Every year over 70 million rural migrats are moving into urban centers around the world. Unfortunately most of them land up  into the slums of their new cities.  In such a situation can the buy-one-give-one model work for housing? Imagine if every slumdweller or homeless family on earth had their fully paid home. Thanks to our new social concious buyers Many such projects and proposals are well under way to make that a reality. Buy A Luxury Condo or home, Give A Slum Dweller A New Home is a reality and is launched one of the first partnership in the U.S. and India. Buy a new luxury condo in San Diego, and you can help build a home for a family currently living in a slum in Manila or Mumbai. The philosophy and the social impact behind this has inspired many developers a one-for-one real estate gifting model,” says Pete Dupuis, who co-founded World Housing with his business partner Sid Landolt in 2013, beginning with a development in Vancouver.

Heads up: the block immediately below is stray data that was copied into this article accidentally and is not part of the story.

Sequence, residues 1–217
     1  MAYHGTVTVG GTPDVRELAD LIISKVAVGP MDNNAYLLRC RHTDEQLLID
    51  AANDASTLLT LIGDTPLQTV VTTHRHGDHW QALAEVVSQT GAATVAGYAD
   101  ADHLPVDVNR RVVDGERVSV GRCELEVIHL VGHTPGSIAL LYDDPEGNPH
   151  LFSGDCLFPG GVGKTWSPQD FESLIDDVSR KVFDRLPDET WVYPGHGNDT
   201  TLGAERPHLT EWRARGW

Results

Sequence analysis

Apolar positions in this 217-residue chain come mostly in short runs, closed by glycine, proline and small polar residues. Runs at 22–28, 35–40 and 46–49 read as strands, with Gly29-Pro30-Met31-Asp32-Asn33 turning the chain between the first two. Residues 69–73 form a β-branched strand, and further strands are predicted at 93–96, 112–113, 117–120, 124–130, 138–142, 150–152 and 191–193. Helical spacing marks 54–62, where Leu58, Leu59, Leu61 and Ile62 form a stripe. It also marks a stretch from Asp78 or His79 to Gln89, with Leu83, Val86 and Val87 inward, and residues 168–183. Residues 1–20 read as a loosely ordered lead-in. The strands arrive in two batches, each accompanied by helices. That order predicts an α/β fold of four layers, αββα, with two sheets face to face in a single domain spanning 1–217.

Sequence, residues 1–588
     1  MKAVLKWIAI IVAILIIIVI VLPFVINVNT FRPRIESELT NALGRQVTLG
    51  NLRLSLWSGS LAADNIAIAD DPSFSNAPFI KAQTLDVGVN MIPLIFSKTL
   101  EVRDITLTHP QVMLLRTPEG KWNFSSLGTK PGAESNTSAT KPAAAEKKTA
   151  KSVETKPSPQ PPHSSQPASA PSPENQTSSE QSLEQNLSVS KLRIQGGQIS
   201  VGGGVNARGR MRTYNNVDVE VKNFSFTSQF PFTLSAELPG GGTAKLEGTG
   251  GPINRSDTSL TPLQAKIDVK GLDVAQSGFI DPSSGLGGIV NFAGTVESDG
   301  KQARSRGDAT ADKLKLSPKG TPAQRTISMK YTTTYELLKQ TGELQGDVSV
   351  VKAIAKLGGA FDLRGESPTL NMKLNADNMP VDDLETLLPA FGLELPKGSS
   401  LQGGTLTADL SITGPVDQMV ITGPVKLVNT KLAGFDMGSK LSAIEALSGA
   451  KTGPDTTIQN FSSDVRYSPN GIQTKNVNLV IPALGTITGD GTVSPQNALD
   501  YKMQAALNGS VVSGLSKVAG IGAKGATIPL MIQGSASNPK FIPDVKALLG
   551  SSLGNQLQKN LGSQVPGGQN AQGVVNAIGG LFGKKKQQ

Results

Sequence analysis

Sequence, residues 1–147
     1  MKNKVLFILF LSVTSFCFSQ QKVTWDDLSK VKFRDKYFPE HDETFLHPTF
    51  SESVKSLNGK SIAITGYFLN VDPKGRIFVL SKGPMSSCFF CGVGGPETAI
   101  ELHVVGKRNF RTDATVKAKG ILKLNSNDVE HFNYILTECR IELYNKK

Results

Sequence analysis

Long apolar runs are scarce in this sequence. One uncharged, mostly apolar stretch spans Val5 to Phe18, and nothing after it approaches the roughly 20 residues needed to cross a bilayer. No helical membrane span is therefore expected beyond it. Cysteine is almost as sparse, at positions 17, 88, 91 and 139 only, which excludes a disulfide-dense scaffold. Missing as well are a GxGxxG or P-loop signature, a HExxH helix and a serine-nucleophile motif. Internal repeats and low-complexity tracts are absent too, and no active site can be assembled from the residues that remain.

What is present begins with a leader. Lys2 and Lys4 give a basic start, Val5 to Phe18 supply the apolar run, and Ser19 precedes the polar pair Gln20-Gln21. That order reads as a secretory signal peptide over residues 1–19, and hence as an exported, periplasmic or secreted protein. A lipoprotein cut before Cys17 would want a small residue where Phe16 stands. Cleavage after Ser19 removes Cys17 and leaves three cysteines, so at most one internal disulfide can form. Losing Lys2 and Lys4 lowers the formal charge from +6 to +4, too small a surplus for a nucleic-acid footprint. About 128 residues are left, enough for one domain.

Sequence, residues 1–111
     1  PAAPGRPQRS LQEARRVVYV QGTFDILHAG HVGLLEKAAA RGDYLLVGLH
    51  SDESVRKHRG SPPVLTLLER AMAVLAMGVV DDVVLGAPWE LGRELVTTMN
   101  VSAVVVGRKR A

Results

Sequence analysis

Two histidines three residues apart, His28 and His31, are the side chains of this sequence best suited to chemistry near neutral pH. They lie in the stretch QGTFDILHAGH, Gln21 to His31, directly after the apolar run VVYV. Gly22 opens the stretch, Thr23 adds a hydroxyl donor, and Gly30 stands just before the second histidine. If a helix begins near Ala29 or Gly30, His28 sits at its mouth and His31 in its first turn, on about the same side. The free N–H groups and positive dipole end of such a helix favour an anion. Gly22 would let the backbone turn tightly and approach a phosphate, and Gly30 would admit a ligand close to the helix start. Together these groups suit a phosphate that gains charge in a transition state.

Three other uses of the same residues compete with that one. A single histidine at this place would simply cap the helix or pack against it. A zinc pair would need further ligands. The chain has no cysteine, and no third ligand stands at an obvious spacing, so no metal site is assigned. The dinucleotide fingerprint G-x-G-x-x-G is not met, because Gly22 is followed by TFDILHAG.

The business model is simple in theory: Real estate developers donate a portion of their marketing budget to the nonprofit, and then the nonprofit creates local factories that build low-cost homes in the developing world. Each home, which can cost about $5,000 in a place like Manila or Mumbai, is part of a bigger neighborhood with a playground, community garden, and other common areas. “Our mission at World Housing is to create social change by connecting the world to be a better community, so the idea of ‘community’ is foundational to how we think, design, and create our homes,” says Dupuis. In Cambodia, where the nonprofit has been building homes for the last two years, they’ve partnered with Cambodia Children’s Fund to help provide services like health care, nutrition, and education for residents.The team’s new project in Manila was inspired in part by a trip Dupuis took to a slum called Smokey Mountain, where about 300,000 people live in shacks in a landfill. “The abject poverty has left a lasting impression on how I saw the world,” he says. “However, the one thing I discovered was the welcoming and hopeful nature of the people there. One of my best memories was playing a game of pool in the middle of a slum, on a table reconstructed from garbage. The people made me feel like part of their family and I made a promise to myself that when World Housing opened we would return to help the people there.”